Down and rotten
The headlines may have centred on referee Craig Pawson's controversial decision to send off Sebastian Larsson, but in truth it wouldn't have mattered if it was Hartlepool United lining up against Sunderland never mind Manchester United - this team can not score and can not fashion a result from anywhere.
The only unknown factor of late is how many the opposition will squeeze past David Moyes' side and how long the breakthrough will take to come.
The subtle hiding-in-plain-sight tactic employed by certain Sunderland players would be alarming if it mattered anymore. For professional footballers to engineer themselves as marked out of the game would be criminal if it bothered us any longer.
Time to go down - shift those who earn more than their endeavours are worth, slash the pay of the rest and move on the saleable assets. Rebuild away from the glare of the Premier League and rediscover the basics of hard work and ambition.
Here's how the national press reported Sunderland 0 Manchester United 3.
They cut a colourful sight in the spring sunshine at the Stadium of Light, a chunk of yellow amongst the red-and-white, but their afternoon was somewhat spoiled by the game's main talking point;
Sunderland's cause was not helped by Sebastian Larsson shown a straight red card for a mis-timed tackle on United midfielder Ander Herrera.
However, the supporters, who travelled in from Lund in Sweden, tried to make the best of their appearance at the Stadium of Light.
They were pictured in the crowd holding huge banners, one of which was even in honour of their “hero” Larsson.
The Swedish supporters have followed the Black Cats since 1973, when they beat Leeds United in the FA Cup final, and it was their first trip to watch the side at the home stadium. They may have left somewhat underwhelmed after the 3-0 reverse that sees Sunderland expecting Championship football come August.
They would have likely enjoyed seeing fellow Swede Zlatan Ibrahimovic score but the Seb Larsson banner was sadly tempting fate:
No fight, no heart, no pride - and the one time a player in red-and-white showed any semblance of any of it, he got sent off:
Please, do not allow the injustice of Seb Larsson’s red card to provide mitigation for what was another lame performance from the Premier League’s worst team. David Moyes rejects this notion, but Sunderland really are going down without a fight.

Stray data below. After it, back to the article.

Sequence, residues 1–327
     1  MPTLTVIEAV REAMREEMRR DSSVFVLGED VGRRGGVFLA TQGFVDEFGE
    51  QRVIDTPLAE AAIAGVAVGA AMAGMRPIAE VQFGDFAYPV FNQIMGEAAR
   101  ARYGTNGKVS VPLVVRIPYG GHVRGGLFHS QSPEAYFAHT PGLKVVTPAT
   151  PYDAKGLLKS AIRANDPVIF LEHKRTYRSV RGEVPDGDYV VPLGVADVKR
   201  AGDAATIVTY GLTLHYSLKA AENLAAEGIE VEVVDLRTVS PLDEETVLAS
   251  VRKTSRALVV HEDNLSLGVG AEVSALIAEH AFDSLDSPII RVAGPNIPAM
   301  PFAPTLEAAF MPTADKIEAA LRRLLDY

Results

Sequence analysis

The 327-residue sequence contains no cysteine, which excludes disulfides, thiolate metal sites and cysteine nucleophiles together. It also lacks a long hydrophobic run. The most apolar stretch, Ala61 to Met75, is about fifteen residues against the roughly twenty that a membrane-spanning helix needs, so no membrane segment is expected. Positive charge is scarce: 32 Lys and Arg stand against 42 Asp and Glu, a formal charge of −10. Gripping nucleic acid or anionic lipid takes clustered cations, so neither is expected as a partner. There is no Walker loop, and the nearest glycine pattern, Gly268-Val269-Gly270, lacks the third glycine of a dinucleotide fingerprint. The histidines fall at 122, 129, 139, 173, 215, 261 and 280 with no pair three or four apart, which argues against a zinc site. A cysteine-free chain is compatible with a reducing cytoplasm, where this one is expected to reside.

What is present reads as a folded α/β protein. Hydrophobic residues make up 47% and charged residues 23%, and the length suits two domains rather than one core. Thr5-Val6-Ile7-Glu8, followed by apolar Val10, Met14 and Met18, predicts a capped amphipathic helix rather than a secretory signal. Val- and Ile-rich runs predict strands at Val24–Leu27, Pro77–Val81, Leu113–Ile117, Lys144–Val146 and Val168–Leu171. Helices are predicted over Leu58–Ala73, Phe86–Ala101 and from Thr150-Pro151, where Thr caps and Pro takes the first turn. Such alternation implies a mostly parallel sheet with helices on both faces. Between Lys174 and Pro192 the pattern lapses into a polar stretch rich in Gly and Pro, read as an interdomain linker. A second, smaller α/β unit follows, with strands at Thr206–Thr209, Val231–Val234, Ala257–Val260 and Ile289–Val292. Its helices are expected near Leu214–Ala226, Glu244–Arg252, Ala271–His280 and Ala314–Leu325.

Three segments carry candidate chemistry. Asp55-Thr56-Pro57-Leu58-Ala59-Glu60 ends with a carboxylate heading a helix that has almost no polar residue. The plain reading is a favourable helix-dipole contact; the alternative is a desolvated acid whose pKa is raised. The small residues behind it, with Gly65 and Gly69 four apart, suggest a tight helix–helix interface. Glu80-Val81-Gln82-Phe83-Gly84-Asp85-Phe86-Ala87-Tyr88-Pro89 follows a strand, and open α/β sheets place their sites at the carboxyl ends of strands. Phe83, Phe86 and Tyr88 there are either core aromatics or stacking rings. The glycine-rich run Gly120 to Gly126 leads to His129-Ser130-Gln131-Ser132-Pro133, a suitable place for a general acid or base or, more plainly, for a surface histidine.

It is, of course, a little harsh that their one moment of real aggression - Larsson’s committed challenge on Ander Herrera - resulted in the midfielder being sent off just before half-time.
An enjoyable afternoon out for Jose Mourinho:
You will not get more pleasant spring weather in the North East and it was a comfortable afternoon all round for United, who maintained their excellent away form, as well as an interest in a top four finish with a degree of ease that undermined our claim to have the world’s most competitive league.
Sunderland tried their best – as they generally have done - but this was typical of their season. They can look a decent, tidy team, but as soon as they concede, they never look like getting back into it and have now gone more than 10 hours without a goal. They are surely doomed, ten points adrift at the bottom of the table.
But what of that whiff of protest which has been hinted at all week?
This was supposed to be the start of a rebellion, when, according to social media, there would be loud protests against manager David Moyes and owner Ellis Short. There was no sound of them inside the stadium.
Moyes has failed to live up to expectations and there are those who argue the Scot has not shown enough fight, charisma or tactical knowledge to justify being told his job is safe, even if Sunderland are relegated. Yet, there also seems to be a general recognition that this mess is not his fault.
Another bad week at the Stadium of Light is about to begin off the pitch, as Moyes and his employers will have to submit their response to the FA tomorrow:
Bottom-placed Sunderland are contemplating Championship football next season while, more immediately, their manager faces Football Association sanction in the wake of the comments he directed at the BBC’s Vicki Sparks. Ten points adrift of 17th place, the Wearsiders’ cause appears increasingly hopeless after an afternoon on which Moyes’s players created little more than half chances and were severely hampered by Seb Larsson’s highly controversial 43rd-minute sending-off.
Last one out turn the lights off; see you in August.